Do You Have To Quit Drinking Coffee Or Tea?

If you are a coffee or tea addict and face these stomach pushbacks, then you don’t necessarily have to quit tea or coffee. According to a 2013 study, there isn’t enough evidence that confirms coffee and tea consumption can cause acid reflux. Therefore, doctors prescribing low acid or no coffee at all are guessing at best. 

You can start by removing the abovementioned edibles from your diet. If you stop consuming one or more of these things on a daily basis, your acid consumption is likely to come down and you can then have your regular cup of coffee. Just don’t drink more than 6-7 cups per day. Excessive caffeine consumption has been shown to cause depression and insomnia. 

However, if even a cup or two of these hot beverages can cause you heartburn or other problems, it’s definitely time to cut them off of your diet. 

Coffee And Tea’s Impact On Bone Density

Besides GERD, coffee and tea have also been blamed for the low bone density in some of its consumers. Although research has shown that coffee drinkers do have a lower bone density, tea drinkers do not. 

However, the fact that some tea drinkers consume teas more acidic than coffee, and still do not have low bone density, show that it’s not the acidity affecting bone density. What compound is causing this low bone density amongst coffee consumers is not yet discovered but it’s definitely not acidity.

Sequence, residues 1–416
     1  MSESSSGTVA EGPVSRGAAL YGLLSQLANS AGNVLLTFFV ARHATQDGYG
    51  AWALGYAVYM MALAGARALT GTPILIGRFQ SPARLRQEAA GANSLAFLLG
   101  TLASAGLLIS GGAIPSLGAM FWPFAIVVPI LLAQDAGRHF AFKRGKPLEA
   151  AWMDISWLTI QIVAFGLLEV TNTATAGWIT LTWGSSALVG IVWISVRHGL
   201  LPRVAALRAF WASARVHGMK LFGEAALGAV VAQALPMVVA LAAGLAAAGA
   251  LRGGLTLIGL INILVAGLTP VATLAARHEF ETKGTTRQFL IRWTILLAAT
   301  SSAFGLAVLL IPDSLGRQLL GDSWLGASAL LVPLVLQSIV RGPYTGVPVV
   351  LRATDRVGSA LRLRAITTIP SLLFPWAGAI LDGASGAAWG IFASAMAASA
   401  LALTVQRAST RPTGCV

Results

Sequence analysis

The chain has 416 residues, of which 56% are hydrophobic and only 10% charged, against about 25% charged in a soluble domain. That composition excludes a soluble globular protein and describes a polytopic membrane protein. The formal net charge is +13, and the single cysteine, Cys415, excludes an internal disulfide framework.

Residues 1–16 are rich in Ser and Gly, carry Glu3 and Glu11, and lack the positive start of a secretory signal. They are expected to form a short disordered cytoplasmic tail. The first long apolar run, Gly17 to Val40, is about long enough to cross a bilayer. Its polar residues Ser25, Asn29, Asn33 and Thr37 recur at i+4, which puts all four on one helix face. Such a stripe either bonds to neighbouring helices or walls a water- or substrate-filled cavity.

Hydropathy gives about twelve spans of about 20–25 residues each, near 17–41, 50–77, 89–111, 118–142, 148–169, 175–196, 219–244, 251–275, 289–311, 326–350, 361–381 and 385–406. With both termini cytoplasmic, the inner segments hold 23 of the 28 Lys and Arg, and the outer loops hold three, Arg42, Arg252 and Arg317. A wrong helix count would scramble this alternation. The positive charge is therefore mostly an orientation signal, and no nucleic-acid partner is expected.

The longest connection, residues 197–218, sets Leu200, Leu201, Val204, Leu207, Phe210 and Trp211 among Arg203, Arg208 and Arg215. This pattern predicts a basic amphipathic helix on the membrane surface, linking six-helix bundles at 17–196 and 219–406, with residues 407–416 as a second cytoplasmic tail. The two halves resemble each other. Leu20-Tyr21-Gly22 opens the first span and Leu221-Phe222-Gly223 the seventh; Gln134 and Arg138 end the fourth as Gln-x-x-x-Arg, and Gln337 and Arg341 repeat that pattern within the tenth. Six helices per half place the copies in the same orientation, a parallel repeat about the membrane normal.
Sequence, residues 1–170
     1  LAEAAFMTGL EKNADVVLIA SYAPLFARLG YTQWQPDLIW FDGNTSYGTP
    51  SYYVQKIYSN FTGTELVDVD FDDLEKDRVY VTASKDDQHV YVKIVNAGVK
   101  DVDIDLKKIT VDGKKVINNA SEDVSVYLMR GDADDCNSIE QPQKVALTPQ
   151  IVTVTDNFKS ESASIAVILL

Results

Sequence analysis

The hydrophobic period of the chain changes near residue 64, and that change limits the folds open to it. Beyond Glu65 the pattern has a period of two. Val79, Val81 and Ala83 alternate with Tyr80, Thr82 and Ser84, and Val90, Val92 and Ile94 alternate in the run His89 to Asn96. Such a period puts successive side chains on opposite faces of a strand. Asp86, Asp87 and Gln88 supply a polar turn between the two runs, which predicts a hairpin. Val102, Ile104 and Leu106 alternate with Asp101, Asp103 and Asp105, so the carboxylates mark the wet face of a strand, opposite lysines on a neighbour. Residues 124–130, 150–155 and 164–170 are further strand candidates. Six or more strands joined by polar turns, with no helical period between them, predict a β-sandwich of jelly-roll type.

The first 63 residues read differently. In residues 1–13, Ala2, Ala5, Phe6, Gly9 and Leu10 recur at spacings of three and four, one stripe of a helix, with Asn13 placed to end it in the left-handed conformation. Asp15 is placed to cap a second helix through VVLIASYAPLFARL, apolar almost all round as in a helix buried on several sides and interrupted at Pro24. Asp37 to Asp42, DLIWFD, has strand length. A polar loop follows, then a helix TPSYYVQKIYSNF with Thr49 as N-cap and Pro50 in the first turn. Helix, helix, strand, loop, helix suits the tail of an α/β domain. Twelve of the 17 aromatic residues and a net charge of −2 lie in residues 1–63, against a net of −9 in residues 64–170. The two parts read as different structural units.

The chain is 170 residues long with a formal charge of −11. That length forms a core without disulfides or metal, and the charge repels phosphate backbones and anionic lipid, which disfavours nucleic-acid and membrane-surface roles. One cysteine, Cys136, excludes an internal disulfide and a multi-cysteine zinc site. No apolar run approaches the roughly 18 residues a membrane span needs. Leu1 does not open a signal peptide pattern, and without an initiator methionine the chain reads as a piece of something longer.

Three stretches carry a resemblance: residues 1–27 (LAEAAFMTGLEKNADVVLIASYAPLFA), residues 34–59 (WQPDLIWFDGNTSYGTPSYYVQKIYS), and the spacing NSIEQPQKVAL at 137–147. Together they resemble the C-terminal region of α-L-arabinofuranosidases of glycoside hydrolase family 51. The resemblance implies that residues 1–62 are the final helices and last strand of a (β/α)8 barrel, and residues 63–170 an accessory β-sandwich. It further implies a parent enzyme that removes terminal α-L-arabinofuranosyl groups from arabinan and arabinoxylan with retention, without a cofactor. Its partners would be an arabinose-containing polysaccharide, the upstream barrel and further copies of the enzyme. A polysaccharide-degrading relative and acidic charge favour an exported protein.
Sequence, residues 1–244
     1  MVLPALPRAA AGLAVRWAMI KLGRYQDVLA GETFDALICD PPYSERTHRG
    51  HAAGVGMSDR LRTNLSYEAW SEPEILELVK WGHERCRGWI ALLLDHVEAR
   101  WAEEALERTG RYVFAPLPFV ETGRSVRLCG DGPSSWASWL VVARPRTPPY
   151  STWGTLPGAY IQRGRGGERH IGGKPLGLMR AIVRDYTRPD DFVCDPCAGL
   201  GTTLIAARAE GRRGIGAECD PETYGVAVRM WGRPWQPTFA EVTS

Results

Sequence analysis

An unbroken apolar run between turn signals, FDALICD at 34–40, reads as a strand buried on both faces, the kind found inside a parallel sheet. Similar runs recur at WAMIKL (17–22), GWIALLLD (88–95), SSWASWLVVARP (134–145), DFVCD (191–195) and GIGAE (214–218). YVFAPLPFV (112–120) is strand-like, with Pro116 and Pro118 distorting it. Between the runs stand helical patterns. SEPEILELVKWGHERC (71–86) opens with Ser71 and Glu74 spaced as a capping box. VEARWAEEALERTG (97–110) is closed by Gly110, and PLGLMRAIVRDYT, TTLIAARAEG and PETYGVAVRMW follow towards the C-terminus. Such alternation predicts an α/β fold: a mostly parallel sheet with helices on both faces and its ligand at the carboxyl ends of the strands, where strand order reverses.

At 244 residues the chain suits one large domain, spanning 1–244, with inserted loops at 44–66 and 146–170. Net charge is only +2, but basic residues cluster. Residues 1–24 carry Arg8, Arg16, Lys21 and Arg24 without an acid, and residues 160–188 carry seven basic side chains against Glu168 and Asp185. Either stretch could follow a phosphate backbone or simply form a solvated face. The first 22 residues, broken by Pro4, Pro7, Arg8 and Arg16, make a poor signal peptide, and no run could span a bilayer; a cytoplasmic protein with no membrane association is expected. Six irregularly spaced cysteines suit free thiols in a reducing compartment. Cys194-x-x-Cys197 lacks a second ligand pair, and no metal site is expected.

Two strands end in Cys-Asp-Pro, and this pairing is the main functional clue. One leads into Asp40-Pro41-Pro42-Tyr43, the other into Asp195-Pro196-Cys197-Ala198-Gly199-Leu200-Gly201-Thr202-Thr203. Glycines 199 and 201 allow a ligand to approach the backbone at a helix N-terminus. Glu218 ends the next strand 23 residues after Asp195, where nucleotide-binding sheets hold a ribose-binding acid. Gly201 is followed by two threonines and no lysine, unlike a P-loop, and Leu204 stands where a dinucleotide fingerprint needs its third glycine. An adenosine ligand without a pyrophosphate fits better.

Therefore, you do not have to worry about this and carry on with your regular hot beverage until the research is clear. For now, we can focus on the acidic nature of coffee and tea.  

Coffee And Tea’s Impact On Teeth

Rarely but still, people believe their coffee or tea consumption has negatively impacted their teeth. There’s no evidence to prove this and most health experts believe this to be a misconception. 

However, more grounded advice is to avoid brushing your teeth right after drinking coffee. 

How To Reduce The Acidity Of Coffee?

Although buying low acid coffee is a better approach you can also try reducing the acidity of your normal coffee. Add a proportionate amount of water to your coffee and leave it for 12 hours at least. The resulting concentrate will have reduced acidity. 

How To Reduce The Acidity Of Tea?

Although there’s no factually proven method of reducing the acidity of tea, lesser brewed-tea is considered less likely to cause acidic reflux. If you do experience acid reflux using this technique, giving low acid tea a try is your last hope. Or you can switch to green tea which has never been reported to cause such issues.  

Conclusion- Coffee vs Tea

So, after all this research and study we have come to the conclusion that coffee is more acidic than most teas. However, that is not the end all be all. You can choose low acid varieties or you can reduce your consumption. After all, the acidic nature of these drinks isn’t usually the cause of our stomach problems.